Ready for an adventure with a purpose? Request info »
  • Search SEA Semester, Summer and High School Programs
  • View SEA Semester campus visit calendar
SEA Currents Blog

SEA Currents: Corwith Cramer

December 01, 2015

A Self-Reflection on Routine

Jeffrey Morgan, Boston University

Oceans & Climate

Would you look at all that Sargassum! (Photo Credit: Emma W.)

14° 4409’ N x 042° 48.3’ W

Description of location
Heading for the Mid-Atlantic Ridge; Somewhere in the Eastern Tropical North Atlantic.

6.3 knots (over ground)

Sunny with bright blue skies and some low forming cumulus clouds. Winds F5 ExN (~079°T)


Souls on Board

With each ocean swell I have lost touch with what a land routine is. We are currently in what you could call the middle of the ocean and I, and I am sure many of my shipmates, feel that ocean routine has taken over. When on shore, schedules are made and often changed, meals can be flexible, and plans are fairly easy to alter. However, aboard the Corwith Cramer, schedules need to be followed, meal time is always concrete, and plans need to hover around schedule because we do not travel far enough for them to stray. On the surface, ocean routine sounds predictable, yet is so far from that. We may eat at the same time and deploy science gear at the same time, but everything in between can change at a moment’s notice. The wind can shift, the waves can knock us down, and the clouds can block the sun and ruin our ability to take a noon sight. Ship life is the most organized chaos there is. I do not envy the people that had to start this whole debacle and figure out how to make things run in the smoothest way possible.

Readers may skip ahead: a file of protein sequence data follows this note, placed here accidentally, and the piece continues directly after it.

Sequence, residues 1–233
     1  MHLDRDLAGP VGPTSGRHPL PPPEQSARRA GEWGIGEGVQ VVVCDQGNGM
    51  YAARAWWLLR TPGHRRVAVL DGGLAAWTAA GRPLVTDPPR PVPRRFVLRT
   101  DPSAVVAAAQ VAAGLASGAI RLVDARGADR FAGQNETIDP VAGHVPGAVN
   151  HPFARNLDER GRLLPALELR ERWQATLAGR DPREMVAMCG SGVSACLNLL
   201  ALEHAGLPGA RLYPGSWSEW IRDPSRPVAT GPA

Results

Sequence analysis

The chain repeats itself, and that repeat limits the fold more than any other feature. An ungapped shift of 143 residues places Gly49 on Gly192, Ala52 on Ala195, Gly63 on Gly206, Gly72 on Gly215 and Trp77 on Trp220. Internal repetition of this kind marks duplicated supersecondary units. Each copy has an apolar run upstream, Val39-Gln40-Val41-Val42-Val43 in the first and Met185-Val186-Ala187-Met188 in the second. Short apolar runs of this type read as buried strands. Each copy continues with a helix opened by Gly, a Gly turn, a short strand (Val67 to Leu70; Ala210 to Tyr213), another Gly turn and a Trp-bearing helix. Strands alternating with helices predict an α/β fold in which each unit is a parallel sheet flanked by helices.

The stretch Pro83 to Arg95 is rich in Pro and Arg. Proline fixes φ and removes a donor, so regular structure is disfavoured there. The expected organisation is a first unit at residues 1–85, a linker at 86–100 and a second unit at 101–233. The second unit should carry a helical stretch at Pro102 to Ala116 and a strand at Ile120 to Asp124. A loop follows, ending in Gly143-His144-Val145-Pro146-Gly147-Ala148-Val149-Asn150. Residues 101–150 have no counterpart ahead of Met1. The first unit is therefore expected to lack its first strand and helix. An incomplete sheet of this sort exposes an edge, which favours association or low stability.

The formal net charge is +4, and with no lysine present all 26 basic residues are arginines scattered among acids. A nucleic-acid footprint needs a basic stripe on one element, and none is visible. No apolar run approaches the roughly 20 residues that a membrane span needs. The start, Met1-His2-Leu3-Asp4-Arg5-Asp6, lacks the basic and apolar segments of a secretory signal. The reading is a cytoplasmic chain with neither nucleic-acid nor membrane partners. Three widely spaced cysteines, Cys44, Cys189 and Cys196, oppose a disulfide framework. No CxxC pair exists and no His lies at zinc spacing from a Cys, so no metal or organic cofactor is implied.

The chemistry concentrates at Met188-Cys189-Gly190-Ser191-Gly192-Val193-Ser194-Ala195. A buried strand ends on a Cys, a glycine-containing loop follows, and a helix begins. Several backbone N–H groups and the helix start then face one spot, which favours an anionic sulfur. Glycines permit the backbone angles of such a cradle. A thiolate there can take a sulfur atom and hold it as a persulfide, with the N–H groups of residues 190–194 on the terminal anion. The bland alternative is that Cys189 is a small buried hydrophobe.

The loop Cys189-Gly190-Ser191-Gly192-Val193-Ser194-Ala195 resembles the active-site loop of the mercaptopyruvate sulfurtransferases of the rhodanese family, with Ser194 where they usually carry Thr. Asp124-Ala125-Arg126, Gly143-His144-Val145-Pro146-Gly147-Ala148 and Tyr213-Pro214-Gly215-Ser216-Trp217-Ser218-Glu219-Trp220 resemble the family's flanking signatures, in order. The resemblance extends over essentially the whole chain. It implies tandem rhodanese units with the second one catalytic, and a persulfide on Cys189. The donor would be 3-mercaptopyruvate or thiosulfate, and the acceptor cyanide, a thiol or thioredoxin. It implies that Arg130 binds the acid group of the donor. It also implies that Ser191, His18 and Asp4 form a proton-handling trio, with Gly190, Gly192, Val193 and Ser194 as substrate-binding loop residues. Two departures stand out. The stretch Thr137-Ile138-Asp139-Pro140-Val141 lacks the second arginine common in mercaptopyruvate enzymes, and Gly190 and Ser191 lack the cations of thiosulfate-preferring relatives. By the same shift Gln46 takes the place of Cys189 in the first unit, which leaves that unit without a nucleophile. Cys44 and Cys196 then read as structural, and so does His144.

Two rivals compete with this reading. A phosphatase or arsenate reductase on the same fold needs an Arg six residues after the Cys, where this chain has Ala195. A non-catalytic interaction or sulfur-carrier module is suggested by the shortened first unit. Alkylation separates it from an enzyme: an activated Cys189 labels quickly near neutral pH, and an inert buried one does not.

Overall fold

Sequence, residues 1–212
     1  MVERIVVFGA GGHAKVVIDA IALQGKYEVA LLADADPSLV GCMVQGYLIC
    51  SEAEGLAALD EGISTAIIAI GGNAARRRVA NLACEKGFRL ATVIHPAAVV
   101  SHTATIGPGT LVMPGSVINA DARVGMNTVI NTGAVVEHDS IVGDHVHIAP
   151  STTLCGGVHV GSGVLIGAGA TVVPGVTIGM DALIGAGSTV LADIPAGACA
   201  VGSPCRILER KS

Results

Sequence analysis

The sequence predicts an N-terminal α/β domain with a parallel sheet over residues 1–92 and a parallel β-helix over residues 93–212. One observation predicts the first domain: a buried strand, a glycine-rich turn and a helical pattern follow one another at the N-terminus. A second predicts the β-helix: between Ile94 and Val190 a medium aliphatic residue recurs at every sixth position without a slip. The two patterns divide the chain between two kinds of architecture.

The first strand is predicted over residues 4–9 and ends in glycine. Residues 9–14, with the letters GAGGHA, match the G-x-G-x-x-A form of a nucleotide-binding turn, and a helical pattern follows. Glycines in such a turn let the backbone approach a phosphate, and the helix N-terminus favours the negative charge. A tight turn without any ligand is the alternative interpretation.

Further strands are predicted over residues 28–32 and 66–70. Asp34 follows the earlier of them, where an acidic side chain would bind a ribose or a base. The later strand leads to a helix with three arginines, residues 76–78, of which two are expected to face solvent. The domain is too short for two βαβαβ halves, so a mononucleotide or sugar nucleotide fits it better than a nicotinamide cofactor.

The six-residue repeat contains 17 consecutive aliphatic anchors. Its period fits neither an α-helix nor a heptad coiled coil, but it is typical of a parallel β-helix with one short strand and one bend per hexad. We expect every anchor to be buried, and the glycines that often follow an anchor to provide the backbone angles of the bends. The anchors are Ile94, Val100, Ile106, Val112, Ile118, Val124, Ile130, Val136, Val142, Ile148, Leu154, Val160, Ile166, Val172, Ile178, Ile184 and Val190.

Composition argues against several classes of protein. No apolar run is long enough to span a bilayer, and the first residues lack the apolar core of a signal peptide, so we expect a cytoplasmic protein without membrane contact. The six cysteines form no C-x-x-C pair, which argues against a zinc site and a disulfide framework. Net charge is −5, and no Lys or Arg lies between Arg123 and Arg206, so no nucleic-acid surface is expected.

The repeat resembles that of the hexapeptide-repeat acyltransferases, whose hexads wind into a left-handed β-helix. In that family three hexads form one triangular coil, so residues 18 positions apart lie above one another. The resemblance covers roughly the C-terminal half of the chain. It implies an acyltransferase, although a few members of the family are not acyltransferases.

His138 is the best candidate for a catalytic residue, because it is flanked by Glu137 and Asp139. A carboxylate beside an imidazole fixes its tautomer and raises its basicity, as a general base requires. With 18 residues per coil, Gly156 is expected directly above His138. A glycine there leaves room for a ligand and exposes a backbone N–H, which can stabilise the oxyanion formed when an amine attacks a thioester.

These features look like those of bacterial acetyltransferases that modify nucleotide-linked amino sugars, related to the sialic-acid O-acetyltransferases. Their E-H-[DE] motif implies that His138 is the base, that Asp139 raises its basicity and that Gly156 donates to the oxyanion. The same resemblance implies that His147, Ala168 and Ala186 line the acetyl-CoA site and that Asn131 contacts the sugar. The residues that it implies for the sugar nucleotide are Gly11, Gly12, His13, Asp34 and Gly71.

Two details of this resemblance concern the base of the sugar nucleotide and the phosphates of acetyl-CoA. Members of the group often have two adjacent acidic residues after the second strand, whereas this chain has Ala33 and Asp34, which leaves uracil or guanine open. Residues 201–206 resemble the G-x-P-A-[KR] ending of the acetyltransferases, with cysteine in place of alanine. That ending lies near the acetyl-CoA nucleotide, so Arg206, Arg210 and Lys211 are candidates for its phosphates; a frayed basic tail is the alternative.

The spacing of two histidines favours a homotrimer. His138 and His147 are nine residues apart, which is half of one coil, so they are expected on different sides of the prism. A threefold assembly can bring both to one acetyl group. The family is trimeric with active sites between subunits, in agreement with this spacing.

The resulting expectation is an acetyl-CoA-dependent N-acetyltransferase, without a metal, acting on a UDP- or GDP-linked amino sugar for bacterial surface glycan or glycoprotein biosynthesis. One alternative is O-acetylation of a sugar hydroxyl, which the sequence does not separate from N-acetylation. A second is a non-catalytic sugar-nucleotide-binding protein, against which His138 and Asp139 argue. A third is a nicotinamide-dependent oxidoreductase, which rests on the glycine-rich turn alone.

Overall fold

This trip is my second transatlantic voyage on Mama Cramer and it truly feels as different as the cruise tracks were, but oddly similar. Last time I sailed in the westerlies, and this time we are cruising through the trade winds. I believe the routine is what has kept things feeling the same and that the new faces have reminded me that I am in a new region of the world studying new and exciting things (like Sargassum! So, so much Sargassum). This trip has taught me a lot about how much one can learn at sea, even when you think you know so much. Each leader has a style and watching each of these evolve is an interesting phenomenon. It makes me question my own style and see what certain people respond to. Cramer has a funny way of making me think about larger, worldly ideas and my views toward them. I find myself spending the majority of my free time picturing how humans fit into a global ecosystem and what we can do to protect its future.

My second round at SEA has certainly shown me that routines can get in the way of these thoughts and maybe if we can change societal routine, we can save the waters that Mama Cramer loves to sail.

Brooke, hope your semester is going well! C-253, I miss you all! Nicole, Kakas, and Sumiah, miss you all like crazy. Kelly’s Staff and Friends, I will see you soon, have some fried pickles for me!

- Jeffrey

Shout outs:

Kennedy: Brandon, see you in 59 days. Missing you everyday!

Kate Enright-: Hi family! Hi homies! I miss and love you all so much, I wrote you postcards today that you will not receive for many weeks. I’m thinking of you all the time though, Happy December!

Categories: Corwith Cramer,Oceans & Climate, • Topics: c263  sargassum  life at sea • (1) Comments


#1. Posted by Jennifer Kenyon on December 03, 2015

12/3.  Reading the blogs provides some sense of your daily sea routine but suspect you will be glad to be on dry land soon, even if only for a short stay.

Mom and I leave today for Lexington for Erika’s wedding.  We’ll send your love and be off the net until 8 Dec.

Love Mom and Dad



Add a comment:

Notify me of follow-­up comments?

I would like SEA to keep me informed about news and opportunities.